In Rito’s new job, as an elementary school principal at a school with 500 students grades K to five, he’ll be in charge of more children than he currently oversees at South. Still, the former Washington Elementary School principal said he’s looking forward to working with the younger age group again. As to whether he’ll see a need for his unique skill set in his new, Missouri surroundings, Rito is confident his experience at USD 480 will prove an asset.
“When you work with a lot of students who are at-risk or learning English, that’s going to be valuable experience and help you wherever you go,” he said. “From the work I do here, I am so used to looking at data. Whether I work with a large or small number of students in need, the skills I’ve acquired here are an asset.”
Adams, too, has steered an at-risk school back to safety.
“I came to the district in the fall of 2003, was assistant principal three years and then head principal ever since,” he recalled. Adams inherited a challenging position. Around the time he was promoted, LHS found itself on the same federal watch list as South, threatened with federal takeover. Yet within a five-year period, the school improved scores and processes so much that it was ranked as one of Kansas’ top 10 high schools by the prestigious “U.S. News & World Report” list.
Former school board member Dan Diepenbrock has said repeatedly in public that the turnaround should be credited to Adams’ leadership and vision.
“This is the man who turned this school around,” Diepenbrock said, speaking as a citizen at a school board meeting in 2013.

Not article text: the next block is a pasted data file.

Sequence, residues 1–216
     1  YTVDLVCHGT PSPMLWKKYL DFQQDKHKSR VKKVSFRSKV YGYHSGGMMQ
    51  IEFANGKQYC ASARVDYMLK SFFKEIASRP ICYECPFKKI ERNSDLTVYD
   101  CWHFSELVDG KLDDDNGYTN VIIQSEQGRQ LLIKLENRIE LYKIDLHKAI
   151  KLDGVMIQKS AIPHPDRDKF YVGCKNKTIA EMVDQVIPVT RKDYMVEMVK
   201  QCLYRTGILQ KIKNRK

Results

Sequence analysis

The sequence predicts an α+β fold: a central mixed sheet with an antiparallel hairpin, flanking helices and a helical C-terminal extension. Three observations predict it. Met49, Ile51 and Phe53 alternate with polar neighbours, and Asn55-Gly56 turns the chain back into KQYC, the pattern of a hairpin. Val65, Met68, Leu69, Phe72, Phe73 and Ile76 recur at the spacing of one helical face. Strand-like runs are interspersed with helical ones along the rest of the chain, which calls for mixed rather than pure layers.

Programs such as AVID, which identifies students whose underperformance might keep them away from college and grooms them to make the leap, Capturing Kids Hearts and Literacy First all helped, as did the addition of harder classes. During Adams’ leadership, LHS nearly doubled its roster of Advanced Placement (“AP”) classes to prepare students for college-level work.
Nonetheless, 2013-14 has been a rocky year for Adams and his team. He endured intense criticism from parents and the community when the school sought to implement a new, more consistent grading framework with “competency-based grading” elements. As the year winds down, it appears LHS has found a balance that satisfies most of the detractors.
Adams said his decision to move on was not connected to the tumult over grading methods.
“It’s always bittersweet to leave,” he said, but that is because “it’s hard to say goodbye to such an excellent staff. This community’s been very supportive, it’s been a good place to live and work. I have nothing but great things to say about LHS. It’s a wonderful place with wonderful people.”
In Independence, Adams will serve as an associate principal at Truman High School, one of three in the Kansas City-area community. The school enrolls around 1,700 students, about 400 more than LHS.
Both Rito and Adams will complete their contracts, overseeing summer school programs in June, before they leave Liberal. However, the next few months will be emotional, Rito said.
“We first came here back in 2001,” he said. “Our kids grew up here. It seems like the years have gone so fast. That’s why it’s so hard. We knew this was coming, that when my daughter got to the 8th-9th grade year, we’d have to make a decision. It got here so much faster than we expected.”
Moving, Rito said, “has a sad side to it. I appreciate the central office, the administration, all the support from the board. What has happened at South Middle School has happened because of support from many people in this district.”